THERE is still a hesitancy in the pursuit of a war in the Philippines against addiction to illegal drugs, particularly shabu. For a number of the citizens, there are even expressions of shock. They seem to forget that war is war. And that a convincing majority approved it in the last national elections when they voted to office a presidential candidate who made it his banner vision and mission to effect a drug-free Philippines because he “loves my co-Filipinos.”
Illegal drug in the present Philippine context is nothing else but what we call in the Iloko vernacular “gamud”. Gamud is in English “poison” but it is not ordinary poison in the sense that is not incidental but purposively so. Its purpose is to destroy the very well-being of a person in order to attain some subjective end. What if destroys is the personness of the person to approximate a genetic change. That is where the evilness of shabu arises.
To illustrate what I am trying to say, mercury is a poison but only when it is misused. If it is used for its purpose, namely, to separate the pure gold from the dirt attendant to it when still in the state of a gold nugget, it is not poison. But if you drink it to quench your thirst, it becomes a poison because it is not for that purpose and it destroys your health. Addiction or strong urgency to use shabu or its likes is a social evil that must be eliminated by whatever means it deserves. The elimination of this social evil includes the elimination of incorrigible agents thereof.
The evilness of illegal drug is now non-debatable. It is not just feared but positively abhorred by a normal human being because it brings not only psychic and ultimately physical death to its immediate victim but to more victims of that victim--the first user-pusher.
Take this Mando (pseudo-name) who came from the province to look for a better life here in the city. He found a job in a terminal where he ended as a drug user and then a pusher. Upon patient convincing for him to return to his home place to free him from his misfortune as manifested by his physical and mental conditions, he did return only to bring greater misery to his family and other relatives. He would not work, he would not take a bath, he would intimidate, he even dismantled the family house to transfer it to a ravine atop a roaring river current.
Another case was a graduating nursing student in Dagupan City who pursued her studies as a working student for four years. She failed to arrive home one late evening only to be found the next day allegedly barbecued by three addicts who insisted they took her for pig.
A mother in a town near Baguio repeatedly suffered bruises on her body by her son when she could not produce money for the same son to buy more illegal drug to satisfy his cravings. When police were called by barangay neighbors, the mother would still try to protect him for fear of further mistreatment in the house later.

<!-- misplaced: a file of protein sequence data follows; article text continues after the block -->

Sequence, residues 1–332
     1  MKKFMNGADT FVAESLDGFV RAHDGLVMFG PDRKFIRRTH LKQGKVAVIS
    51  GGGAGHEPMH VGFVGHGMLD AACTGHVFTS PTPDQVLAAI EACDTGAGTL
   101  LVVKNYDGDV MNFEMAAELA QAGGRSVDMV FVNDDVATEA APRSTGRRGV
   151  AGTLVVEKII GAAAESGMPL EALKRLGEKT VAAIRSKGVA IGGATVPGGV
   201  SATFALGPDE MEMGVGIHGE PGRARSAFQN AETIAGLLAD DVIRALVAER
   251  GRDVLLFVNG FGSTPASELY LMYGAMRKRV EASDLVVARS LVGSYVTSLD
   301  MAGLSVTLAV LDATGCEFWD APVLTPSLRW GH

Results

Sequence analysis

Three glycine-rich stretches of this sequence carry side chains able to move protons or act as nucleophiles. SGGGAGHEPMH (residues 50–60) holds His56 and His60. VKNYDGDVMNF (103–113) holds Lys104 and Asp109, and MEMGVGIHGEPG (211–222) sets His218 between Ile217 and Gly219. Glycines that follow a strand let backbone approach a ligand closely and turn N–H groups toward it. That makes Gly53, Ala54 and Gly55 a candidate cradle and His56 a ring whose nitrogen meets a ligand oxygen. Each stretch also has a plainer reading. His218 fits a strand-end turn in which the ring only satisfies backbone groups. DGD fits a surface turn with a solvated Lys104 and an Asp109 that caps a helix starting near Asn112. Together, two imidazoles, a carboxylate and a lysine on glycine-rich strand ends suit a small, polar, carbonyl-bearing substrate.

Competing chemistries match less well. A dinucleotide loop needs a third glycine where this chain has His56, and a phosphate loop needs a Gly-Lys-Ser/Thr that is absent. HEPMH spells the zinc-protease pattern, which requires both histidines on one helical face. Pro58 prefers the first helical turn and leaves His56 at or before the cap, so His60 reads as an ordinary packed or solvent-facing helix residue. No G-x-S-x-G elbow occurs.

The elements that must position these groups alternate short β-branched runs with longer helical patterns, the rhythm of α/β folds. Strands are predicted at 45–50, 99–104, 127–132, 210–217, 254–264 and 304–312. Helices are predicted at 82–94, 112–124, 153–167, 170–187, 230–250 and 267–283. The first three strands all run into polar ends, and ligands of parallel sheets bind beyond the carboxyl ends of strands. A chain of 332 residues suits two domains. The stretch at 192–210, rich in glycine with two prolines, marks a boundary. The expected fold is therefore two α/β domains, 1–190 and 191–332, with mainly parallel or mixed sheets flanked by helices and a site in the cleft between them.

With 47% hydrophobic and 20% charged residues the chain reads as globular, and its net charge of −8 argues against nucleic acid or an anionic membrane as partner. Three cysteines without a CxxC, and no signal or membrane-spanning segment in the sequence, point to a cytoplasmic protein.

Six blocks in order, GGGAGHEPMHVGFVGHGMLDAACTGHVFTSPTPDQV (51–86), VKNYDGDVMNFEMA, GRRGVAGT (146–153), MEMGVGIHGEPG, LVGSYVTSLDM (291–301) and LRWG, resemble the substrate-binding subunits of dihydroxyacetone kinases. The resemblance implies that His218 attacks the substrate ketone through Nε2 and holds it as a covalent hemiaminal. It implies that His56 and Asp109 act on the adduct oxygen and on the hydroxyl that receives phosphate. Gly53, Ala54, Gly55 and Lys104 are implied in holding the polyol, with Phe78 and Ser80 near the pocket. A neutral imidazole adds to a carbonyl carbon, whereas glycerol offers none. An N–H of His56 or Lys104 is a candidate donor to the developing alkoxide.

As time went on, not only ordinary families suffer from having a troublesome member in the family but also the malpractice became a fad in affluent families and soon of politically powerful ones.
Even a police officer was proud to tell people that he got his promotion by leading a raiding team to a marijuana plantation that he himself had put up to be planted by a farmer friend.
Just after the CAR was established by virtue of Executive Order 220, a policeman from Hongkong gave me a wristwatch as a souvenir while telling me that he had worked for twenty-five years in their rehabilitation center but never had he seen one addict who was truly rehabilitated permanently. An addict may show rehabilitation effect while at the center but when returned outside he/she would revert back to old addictive ways. So he counsels seriously, “Prevention is still the better option in treating” the addiction menace.
Next in the category comes this elementary teacher who before serving in an outskirt school was almost a paradigm of kindness and thoughtfulness bringing joy and courage wherever she resided. But after falling into the trap of silver-tongued drug pushers, she became just the opposite of what she formerly was: a talking bird causing people to quarrel, insolent, a bane to her in-laws, a proud competitor to her husband, an unfit adviser to her children, fond of filing self-caused cases in court to the chagrin of the court personnel when she would even chide the poor judge in public. Surely not herself anymore. She, the one who before had given me calamansi plants to grow in our home garden to remember her by. She literally died before her death.
The family members, the school mentors and, oh yes, the church ministers should do their respective jobs to make that necessity be undone. It does not help any to just be satisfied with crying “foul” to a party implementing the remedy it sincerely knows best.
So, before one or many more in the family or the neighborhood be victimized in a sort of domino effect, a mandated elimination of virulent agents of genetic death may become necessary to supplement a failure of prevention. That is, after a due declaration of war against the plague.